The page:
TikTok is in turmoil after beekeeping influencer accused of failing to enforce correct security protocols
Erika Thompson, the woman featured on the account, doesn’t wear any of the gear commonly associated with beekeeping, like a bee costume or gloves. Instead, she calmly moves the bees with her hands, while a voiceover narrator explains her process.
But Friday Chamberlain, who goes by LA HoneyBee Rescue on TikTok and says they’re a bee-killing specialist, said the Thompson videos actually set a “dangerous precedent” for how to interact safely. safety with and care for bees.
In an interview with CNN, Chamberlain, who has worked with bees since 2002, explained that the videos were originally intended only for their small circle of followers and that they did not intend to detonate them. Still, eliminating bees is far from the safe task that Thompson claims to be, Chamberlain said.
“His job really affects us all, the perception of the job, the perception of its ease, the danger,” Chamberlain said. “It came to a head, and I was like ‘enough is enough.’ That’s the reality of the job. What she does is create content. What she does for the bees. is fantastic – she works on pesticide legislation and so on – but she’s not a bee elimination specialist. “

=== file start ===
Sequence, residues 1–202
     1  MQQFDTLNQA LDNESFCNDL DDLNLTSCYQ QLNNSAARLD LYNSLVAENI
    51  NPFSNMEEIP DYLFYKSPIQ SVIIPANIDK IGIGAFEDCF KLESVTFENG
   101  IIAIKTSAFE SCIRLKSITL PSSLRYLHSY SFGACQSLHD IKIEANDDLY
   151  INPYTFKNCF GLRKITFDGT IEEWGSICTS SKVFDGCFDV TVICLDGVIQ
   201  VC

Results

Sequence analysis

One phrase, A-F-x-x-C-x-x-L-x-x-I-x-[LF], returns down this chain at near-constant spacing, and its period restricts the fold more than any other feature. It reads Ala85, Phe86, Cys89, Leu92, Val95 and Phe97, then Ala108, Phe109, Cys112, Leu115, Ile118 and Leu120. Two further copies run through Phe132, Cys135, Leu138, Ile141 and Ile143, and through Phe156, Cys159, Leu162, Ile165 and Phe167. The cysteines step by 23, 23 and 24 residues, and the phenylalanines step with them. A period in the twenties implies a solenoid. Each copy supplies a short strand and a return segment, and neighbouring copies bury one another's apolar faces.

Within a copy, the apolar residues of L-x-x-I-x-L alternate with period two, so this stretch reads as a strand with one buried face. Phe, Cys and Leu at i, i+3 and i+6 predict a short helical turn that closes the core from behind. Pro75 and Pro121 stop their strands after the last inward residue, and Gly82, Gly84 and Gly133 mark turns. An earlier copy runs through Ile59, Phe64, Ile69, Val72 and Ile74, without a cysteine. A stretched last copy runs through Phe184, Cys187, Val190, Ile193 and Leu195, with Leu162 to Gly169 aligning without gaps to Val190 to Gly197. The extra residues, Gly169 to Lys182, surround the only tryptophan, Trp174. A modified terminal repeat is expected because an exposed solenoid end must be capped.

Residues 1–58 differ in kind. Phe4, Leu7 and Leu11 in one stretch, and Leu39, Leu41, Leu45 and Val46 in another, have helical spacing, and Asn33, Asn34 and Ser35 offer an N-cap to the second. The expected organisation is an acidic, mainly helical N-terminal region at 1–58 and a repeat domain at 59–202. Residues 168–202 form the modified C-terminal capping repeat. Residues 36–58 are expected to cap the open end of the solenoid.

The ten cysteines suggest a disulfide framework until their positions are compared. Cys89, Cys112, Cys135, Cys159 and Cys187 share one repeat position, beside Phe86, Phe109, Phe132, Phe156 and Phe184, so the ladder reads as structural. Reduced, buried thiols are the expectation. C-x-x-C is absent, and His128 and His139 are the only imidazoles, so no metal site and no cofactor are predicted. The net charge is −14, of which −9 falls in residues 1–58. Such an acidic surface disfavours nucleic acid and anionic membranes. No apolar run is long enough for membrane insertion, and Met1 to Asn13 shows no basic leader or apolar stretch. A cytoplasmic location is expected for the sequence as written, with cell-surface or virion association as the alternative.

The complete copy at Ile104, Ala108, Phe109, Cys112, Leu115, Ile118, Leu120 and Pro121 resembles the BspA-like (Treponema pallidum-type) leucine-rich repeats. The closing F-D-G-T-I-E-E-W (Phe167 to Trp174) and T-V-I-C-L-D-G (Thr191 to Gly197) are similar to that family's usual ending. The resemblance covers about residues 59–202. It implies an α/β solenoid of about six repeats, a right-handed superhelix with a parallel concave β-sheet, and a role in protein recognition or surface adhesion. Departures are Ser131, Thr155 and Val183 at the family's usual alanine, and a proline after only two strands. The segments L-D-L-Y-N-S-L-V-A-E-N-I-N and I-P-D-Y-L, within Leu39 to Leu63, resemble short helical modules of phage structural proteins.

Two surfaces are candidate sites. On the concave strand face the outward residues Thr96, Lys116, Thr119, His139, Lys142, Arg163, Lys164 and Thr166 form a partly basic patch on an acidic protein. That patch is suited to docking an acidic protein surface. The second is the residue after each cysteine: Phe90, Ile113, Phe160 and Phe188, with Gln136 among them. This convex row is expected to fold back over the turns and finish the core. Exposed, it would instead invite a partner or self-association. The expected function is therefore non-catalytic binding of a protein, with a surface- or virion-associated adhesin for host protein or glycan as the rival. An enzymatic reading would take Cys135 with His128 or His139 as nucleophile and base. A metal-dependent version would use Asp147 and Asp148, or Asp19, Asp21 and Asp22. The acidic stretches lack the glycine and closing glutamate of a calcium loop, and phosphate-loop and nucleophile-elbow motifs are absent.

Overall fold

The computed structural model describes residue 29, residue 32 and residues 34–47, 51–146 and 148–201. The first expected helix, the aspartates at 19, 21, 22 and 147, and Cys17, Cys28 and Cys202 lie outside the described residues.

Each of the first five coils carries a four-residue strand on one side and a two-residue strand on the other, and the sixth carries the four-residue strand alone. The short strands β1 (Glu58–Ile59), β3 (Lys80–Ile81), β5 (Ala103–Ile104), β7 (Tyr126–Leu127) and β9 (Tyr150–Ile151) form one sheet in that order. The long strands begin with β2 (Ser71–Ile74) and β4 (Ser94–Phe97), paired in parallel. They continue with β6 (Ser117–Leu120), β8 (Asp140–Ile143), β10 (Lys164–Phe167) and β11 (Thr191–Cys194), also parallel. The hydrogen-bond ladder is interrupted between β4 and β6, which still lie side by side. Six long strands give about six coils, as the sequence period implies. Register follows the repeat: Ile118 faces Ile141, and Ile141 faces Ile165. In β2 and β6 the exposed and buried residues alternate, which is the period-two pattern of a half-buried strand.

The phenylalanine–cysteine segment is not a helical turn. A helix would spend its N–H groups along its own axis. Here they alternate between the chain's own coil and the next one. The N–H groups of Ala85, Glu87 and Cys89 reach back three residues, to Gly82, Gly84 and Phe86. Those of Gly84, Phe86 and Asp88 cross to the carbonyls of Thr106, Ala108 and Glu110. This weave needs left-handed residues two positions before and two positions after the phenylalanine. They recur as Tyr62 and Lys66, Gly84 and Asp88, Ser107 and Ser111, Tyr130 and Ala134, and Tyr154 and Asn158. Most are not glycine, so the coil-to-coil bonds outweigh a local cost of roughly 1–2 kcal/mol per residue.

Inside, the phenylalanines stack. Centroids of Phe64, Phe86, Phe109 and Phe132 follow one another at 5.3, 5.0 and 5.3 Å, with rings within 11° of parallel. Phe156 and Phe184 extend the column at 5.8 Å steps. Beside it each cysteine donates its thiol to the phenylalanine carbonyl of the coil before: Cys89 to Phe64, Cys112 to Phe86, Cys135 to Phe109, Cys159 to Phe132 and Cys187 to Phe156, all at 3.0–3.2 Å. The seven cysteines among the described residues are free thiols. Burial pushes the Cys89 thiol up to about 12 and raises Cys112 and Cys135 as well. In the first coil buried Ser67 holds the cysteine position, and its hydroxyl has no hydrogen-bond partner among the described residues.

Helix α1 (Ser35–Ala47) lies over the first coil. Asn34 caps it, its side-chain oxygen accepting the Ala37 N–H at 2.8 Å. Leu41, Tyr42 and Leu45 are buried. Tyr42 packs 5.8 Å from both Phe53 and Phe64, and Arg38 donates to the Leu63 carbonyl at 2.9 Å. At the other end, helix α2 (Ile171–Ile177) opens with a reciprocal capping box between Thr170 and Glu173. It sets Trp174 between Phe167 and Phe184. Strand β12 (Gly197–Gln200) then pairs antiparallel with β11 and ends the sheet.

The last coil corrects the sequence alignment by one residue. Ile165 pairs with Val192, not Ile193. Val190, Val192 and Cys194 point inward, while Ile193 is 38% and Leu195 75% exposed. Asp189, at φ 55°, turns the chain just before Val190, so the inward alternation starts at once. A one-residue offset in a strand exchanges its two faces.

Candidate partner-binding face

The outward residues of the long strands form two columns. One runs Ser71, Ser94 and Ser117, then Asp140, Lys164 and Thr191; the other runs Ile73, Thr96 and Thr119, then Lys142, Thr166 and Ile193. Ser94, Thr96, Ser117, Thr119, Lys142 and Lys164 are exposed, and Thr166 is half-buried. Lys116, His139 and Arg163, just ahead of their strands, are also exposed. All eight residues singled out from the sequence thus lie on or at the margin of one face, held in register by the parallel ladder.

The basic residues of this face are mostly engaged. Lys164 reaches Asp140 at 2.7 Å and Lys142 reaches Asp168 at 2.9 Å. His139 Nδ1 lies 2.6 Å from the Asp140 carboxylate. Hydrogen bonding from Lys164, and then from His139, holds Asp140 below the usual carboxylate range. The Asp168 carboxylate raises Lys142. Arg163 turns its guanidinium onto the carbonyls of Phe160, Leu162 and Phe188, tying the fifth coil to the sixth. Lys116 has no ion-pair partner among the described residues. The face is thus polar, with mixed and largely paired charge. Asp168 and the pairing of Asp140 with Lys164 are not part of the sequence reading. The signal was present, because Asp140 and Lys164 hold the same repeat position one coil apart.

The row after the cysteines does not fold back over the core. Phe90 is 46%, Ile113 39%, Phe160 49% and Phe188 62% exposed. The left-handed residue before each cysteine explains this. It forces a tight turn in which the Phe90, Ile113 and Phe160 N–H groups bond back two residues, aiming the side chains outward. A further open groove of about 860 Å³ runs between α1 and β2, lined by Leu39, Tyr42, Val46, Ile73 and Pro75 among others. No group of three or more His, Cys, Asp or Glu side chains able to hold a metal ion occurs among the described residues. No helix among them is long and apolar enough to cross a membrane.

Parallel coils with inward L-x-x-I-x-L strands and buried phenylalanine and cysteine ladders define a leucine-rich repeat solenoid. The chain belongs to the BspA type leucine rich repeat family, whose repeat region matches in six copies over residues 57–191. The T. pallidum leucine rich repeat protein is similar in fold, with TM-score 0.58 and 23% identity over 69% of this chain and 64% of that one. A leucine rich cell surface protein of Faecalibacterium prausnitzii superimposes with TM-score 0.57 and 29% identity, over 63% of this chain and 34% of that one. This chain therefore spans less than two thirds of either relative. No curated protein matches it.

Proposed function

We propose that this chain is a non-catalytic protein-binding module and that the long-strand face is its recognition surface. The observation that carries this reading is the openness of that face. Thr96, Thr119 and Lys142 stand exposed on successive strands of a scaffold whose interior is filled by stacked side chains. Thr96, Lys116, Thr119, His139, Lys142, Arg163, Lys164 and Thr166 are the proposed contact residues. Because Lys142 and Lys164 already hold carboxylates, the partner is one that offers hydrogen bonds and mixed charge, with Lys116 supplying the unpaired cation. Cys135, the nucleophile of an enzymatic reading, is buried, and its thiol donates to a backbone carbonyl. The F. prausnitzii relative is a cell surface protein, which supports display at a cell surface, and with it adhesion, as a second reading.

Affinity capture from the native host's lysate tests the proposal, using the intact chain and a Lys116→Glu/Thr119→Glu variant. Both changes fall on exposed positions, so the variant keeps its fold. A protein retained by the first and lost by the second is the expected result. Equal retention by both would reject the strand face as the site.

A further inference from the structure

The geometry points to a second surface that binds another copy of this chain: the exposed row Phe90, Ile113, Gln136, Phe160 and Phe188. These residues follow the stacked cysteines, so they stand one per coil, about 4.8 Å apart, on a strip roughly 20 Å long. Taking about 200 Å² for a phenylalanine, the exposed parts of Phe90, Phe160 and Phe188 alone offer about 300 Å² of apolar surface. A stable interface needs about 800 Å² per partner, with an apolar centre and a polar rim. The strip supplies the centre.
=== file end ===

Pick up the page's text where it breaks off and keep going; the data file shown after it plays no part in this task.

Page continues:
In a statement to CNN on Monday, Thompson said, “As a professional beekeeper, it is my mission and my goal to help people understand how important the work of bees and beekeepers is to our world. The content I share is real and shows how well beekeepers help people and bees in need every day, wearing protective gear when needed. Only experienced beekeepers should handle bees and perform disposal services bees. ”
“Personally, I wouldn’t approach a colony that I don’t know without wearing a suit,” said Baer-Imhoof, who has been working with bees since 2005. “In Riverside, this is how it is. dress and that’s how we teach responsible beekeeping. “
If she knew of a beehive, Baer-Imhoof said she might wear only half a costume with a veil and forgo gloves, depending on the job. But that was only after several years of experience.
“Bees are wild animals,” she explained. “Hives have different personalities; you don’t know who you are going to meet and what mood the hive will be in. “
Like Baer-Imhoof, Ashley Ralph, president of the Texas Beekeepers Association, told CNN that sometimes professional beekeepers choose to wear less protective gear if they know the hive. Thompson seems familiar with bees, she said, and his choice of gear is “totally his.”
“Erika’s approach has its place in bringing in new eyes and ears that could become bee advocates or even beekeepers,” Ralph said. “At TBA, we spend time talking about protective gear and the risk of beekeeping because we fear that without talking about the risk to bees, we might actually cause more harm to bees and beekeepers in the long run. by encouraging irresponsible people or even hands-off beekeeping practices that lead to bad bees or bee experiments. “
Yet, Ralph said, accusations aside, Chamberlain “gave some solid warnings to the general public.”
“Leave bee elimination to the professionals,” Ralph said. “Catching bees could make you sting. “